Domestic violence doesn’t discriminate, so on Thursday 28 May, Australia’s first LGBTI Domestic Violence Awareness Day will shine a light on the staggeringly high levels of domestic violence being experienced within LGBTI relationships and seriously low levels of reporting.
Shocking statistics show that up to 62 per cent of LGBTI people have experienced domestic violence within their relationships, yet awareness of the issue and reporting rates are still incredibly low, with less than six per cent being reported to police, according to recent studies.
Queensland Police Officer, DVConnect Board Member, and a survivor of domestic violence, Ben Bjarnesen founded the LGBTI Domestic Violence Awareness Day to raise awareness and help victims.
“We are in this fight to stamp out domestic violence of every kind throughout Australia, and part of that fight is to raise awareness and improve support for those suffering from domestic violence within LGBTI communities.
“COVID-19 is compounding the effects of domestic violence on victims, so it’s more crucial than ever before that we stand together to bring about change.
“It’s time to speak up, remove the stigma and show those suffering from domestic violence and the survivors, that you support them by spreading the words #ImHereForYou” Mr Bjarnesen said.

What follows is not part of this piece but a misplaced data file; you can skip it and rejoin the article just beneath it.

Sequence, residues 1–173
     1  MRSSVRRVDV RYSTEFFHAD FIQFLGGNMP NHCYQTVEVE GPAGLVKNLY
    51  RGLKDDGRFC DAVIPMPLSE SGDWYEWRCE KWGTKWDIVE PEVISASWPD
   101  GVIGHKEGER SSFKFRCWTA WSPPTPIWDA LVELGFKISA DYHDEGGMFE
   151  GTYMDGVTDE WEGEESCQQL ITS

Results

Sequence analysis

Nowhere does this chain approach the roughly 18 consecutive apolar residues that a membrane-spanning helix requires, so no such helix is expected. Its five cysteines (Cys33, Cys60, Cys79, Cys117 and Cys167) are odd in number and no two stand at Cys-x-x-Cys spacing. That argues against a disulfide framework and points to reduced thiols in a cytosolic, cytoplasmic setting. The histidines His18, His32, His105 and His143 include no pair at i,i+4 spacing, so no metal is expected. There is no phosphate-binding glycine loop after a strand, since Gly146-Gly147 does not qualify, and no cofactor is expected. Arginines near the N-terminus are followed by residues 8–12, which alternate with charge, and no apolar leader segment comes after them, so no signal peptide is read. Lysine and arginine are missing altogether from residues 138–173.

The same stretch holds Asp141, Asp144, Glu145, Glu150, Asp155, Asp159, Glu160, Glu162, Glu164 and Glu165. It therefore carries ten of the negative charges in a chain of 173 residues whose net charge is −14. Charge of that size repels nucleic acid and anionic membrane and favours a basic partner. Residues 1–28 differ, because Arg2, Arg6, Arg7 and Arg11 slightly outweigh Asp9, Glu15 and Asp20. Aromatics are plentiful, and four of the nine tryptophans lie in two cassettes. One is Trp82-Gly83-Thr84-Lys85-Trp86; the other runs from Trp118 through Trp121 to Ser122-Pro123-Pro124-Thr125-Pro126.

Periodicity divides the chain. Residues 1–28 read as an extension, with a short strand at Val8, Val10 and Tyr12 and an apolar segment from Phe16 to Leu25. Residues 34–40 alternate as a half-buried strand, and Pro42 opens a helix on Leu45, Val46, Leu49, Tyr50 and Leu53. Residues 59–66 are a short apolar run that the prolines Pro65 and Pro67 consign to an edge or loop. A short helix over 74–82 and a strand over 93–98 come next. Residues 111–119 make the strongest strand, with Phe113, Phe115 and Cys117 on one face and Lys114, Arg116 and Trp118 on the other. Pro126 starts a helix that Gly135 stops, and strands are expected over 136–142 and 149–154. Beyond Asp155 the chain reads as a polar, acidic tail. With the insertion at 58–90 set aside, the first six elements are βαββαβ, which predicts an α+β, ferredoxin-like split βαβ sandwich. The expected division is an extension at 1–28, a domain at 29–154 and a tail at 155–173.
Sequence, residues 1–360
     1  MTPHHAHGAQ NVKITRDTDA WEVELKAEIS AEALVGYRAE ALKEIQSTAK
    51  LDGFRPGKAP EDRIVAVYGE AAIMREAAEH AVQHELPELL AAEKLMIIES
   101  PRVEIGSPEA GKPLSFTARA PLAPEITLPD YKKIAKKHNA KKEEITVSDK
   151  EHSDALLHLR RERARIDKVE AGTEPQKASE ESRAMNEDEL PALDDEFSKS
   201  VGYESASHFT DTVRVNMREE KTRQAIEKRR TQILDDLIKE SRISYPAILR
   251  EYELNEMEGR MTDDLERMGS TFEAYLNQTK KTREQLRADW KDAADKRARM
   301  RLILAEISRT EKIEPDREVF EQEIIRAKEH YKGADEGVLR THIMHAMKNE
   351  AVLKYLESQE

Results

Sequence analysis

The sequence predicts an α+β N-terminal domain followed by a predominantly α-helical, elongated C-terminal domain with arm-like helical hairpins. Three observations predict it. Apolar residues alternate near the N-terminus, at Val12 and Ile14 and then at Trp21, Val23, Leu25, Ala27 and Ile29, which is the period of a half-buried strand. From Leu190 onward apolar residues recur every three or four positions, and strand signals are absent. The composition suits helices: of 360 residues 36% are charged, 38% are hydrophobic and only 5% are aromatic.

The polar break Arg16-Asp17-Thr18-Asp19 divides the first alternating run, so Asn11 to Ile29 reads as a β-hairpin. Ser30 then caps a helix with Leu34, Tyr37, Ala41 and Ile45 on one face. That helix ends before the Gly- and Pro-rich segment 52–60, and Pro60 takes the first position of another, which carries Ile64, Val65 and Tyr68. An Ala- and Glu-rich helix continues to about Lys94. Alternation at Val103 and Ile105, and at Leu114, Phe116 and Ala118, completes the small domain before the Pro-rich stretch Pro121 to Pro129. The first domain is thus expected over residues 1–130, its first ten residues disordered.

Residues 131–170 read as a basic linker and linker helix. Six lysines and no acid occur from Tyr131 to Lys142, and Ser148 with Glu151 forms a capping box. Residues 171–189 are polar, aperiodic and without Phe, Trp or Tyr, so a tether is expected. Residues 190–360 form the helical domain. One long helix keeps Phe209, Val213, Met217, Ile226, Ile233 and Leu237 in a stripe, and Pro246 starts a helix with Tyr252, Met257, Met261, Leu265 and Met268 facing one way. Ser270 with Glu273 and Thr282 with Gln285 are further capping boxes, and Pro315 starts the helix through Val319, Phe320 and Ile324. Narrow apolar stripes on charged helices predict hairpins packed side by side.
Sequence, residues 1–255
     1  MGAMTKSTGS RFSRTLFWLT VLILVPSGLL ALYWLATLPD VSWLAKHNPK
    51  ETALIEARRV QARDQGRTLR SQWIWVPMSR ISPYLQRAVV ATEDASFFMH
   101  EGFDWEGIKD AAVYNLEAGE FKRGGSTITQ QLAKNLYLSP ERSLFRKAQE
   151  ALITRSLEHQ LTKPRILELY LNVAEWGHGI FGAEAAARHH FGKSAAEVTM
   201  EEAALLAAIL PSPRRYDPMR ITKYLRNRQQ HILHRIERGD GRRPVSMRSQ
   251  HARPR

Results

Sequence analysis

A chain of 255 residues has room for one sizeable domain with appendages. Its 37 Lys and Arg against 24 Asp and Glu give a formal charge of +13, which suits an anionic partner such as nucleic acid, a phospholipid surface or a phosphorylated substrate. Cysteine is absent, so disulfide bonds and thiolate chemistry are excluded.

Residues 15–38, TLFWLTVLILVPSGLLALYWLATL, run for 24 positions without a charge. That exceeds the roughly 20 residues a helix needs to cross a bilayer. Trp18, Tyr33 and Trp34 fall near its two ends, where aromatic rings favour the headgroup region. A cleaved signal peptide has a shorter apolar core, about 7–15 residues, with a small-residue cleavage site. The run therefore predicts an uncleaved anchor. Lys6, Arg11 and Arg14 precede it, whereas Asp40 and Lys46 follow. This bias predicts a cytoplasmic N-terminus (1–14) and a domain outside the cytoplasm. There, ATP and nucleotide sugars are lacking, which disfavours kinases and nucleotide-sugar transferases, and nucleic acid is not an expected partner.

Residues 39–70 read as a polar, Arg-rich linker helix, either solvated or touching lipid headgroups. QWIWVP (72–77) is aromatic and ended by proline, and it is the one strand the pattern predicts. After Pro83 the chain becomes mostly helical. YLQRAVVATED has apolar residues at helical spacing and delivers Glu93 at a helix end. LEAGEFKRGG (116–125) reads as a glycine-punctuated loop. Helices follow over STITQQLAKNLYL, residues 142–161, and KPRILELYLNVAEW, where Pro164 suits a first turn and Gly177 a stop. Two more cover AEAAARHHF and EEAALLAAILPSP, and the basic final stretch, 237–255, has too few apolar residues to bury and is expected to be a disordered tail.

The Honourable Dame Quentin Bryce AD CVO said, “Each one of us must ask ourselves ‘what can I, me, myself do to help this urgent cause; in my workplace, at home, in my sporting club, at my school, in my neighbourhood….’. We must never back away from our ambition of zero tolerance.”
Also adding his voice to the campaign, His Excellency the Honourable Paul de Jersey AC, Governor of Queensland, said “During Domestic and Family Violence Prevention Month each year, we are reminded of the shocking statistics, but few are aware that, hidden behind those raw numbers and percentages is a darker story – unreported abuse in LGBTIQ+ relationships.
“With its hash-tag, #ImHereForYou, this much-needed awareness strategy will help to dispel public misconceptions around abuse in LGBTIQ+ relationships. At the same time, it will make victims aware that help is available and that they need not suffer trauma, fear and prejudice in silence,” His Excellency said.
People from LGBTI communities need to know that help is available for them, that they don’t have to live with abuse and that everyone, regardless of their sexuality or gender identity, deserves to live a life free from violence and abuse.
On May 28, tell your friends, family and LGBTI communities that you’re here for them and help raise awareness, support those in abusive relationships and those that have survived, and remember the victims who’ve lost their lives.
Show your support with personal messages of hope by spreading the words #ImHereForYou .